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The Tufts Daily
Where you read it first | Wednesday, April 17, 2024

Compost in the Daylight: Crying on the Peter Pan

Peter_Pan_Bus_Lines.jpeg

“The last time I was on a public bus I was also crying.”

I took the Peter Pan bus from South Station to Hartford my sophomore year so I could be with my family on Thanksgiving.

I was upset. What was a burgeoning Milton expert who had found “her people” doing on a bus to Connecticut? I didn’t want to leave the campus I was falling in love with, so I cried next to the other odd pairs of strangers who could cough up 20 bucks for a bus ticket.

I wrote the first sentence of this article in my notes app three weeks ago. I recently took the Peter Pan to Hartford again, though this time it was exciting. I was going to see a Declan McKenna concert with my siblings.

Then my mom called me, saying, “Monty’s going to die. You can say goodbye to him if you stop home before the show.”

But the beautiful detail about crying on a public bus is that you’re just another freak who paid for a $20 ticket. No one’s going to bother you to discover that your dog of 17 years had fallen over that morning, was unable to get up and was shaking in his bed waiting for you to come home so you could hug him before your parents took him away.

When I got there, he was shaking — and he looked so scared. Then I left and saw the best concert of my life.

The thing is, though, when I wrote “The last time I was on a public bus I was also crying,” I wasn’t referring to leaving Tufts for Thanksgiving. When I was a sophomore, I didn’t realize it was possible to fall in love with a completely different school across the world.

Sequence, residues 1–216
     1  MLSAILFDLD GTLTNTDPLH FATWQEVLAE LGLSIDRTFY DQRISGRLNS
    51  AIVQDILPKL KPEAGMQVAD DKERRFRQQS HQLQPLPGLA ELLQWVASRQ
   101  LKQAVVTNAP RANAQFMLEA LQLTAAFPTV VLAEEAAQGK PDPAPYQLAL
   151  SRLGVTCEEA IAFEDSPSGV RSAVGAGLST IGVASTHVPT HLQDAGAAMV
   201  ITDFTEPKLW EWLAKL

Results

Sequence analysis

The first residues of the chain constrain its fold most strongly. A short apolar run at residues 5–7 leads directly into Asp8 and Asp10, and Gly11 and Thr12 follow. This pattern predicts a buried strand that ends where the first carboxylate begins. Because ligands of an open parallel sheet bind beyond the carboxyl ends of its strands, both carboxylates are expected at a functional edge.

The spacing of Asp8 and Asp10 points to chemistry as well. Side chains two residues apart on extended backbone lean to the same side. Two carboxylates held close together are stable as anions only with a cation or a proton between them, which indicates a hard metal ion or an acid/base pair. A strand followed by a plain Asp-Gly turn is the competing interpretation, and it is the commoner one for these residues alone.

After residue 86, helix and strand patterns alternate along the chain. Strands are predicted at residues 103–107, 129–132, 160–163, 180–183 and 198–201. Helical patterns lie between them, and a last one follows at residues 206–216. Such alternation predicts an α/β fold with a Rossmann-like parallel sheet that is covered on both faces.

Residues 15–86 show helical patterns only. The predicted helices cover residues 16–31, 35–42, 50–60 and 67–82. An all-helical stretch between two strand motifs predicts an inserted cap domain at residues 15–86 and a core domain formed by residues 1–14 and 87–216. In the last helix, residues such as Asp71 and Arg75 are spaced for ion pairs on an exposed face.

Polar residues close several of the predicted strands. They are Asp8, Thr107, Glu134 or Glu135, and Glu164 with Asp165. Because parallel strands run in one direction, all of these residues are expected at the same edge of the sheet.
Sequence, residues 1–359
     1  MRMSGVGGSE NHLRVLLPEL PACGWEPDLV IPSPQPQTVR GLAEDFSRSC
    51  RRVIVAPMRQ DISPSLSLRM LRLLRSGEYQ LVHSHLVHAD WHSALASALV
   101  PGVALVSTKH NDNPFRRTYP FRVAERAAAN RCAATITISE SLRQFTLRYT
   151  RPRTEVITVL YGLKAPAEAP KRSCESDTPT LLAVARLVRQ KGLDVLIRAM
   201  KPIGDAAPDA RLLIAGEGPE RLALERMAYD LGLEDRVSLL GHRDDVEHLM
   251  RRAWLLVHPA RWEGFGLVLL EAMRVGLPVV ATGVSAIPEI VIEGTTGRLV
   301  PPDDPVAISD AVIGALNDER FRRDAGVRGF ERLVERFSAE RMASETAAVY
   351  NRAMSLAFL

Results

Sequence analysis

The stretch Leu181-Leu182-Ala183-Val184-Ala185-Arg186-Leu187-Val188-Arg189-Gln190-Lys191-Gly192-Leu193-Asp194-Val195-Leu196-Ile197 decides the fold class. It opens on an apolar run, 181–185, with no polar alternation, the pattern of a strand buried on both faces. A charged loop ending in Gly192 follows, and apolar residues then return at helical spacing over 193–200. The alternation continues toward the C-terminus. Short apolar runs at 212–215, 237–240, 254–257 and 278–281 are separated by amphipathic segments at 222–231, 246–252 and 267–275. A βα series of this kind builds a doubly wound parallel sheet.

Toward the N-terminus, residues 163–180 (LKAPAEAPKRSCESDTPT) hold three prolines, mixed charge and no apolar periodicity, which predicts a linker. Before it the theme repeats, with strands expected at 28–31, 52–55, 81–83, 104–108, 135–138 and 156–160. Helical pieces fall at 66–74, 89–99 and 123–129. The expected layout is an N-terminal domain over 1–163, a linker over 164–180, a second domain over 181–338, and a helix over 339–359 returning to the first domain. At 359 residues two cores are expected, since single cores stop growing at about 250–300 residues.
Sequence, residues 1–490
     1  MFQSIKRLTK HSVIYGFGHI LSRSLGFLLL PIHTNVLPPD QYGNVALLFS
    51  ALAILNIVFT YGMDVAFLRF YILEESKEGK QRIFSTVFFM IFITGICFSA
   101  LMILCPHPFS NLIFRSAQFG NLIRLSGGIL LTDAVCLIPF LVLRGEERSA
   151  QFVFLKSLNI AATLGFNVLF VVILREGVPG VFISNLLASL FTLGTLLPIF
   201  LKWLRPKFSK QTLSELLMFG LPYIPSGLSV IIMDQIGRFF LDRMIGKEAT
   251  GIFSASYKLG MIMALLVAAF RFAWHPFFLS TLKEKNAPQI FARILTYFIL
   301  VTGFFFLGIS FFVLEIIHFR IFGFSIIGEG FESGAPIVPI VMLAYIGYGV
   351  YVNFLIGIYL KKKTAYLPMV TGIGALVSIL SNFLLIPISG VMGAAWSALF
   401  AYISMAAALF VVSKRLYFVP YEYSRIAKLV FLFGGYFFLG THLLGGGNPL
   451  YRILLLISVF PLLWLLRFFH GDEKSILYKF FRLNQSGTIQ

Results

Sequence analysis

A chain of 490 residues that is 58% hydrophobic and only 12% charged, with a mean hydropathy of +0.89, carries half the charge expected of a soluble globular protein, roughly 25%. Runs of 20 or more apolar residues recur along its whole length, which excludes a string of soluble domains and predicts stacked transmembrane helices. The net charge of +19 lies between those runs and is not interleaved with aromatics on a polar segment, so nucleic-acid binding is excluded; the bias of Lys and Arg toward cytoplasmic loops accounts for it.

In England, I made a friend named Maximillian who had the wackiest outfits but the kindest heart. One time I fell over after playing a football match against Cambridge and my best friend covered me in blankets. And this one boy used to carry me home from the pub on his shoulders.

When my friend Faye put me on the bus that would take me to the airport for the last time, I froze. She held my hand as I prepared to leave my home behind the wheels of public transport.

Crying there was exactly like the time I cried as a sophomore, and then again as a senior preparing to let her dog go. I thought I was saying goodbye to something I would never get back. And I didn’t. Tufts no longer has a rosy tint of excitement because I’m 19 and thrilled to go to a frat party. My dog’s dead. And I’ll never be a student at Oxford again.

But certainly, that’s the rush of a public bus. No one cares that I’m never going to get back the things I once loved; perhaps that stiff indifference is what I need to keep myself from folding under the expectations of new experiences, so I can find other things to cry over on the Peter Pan.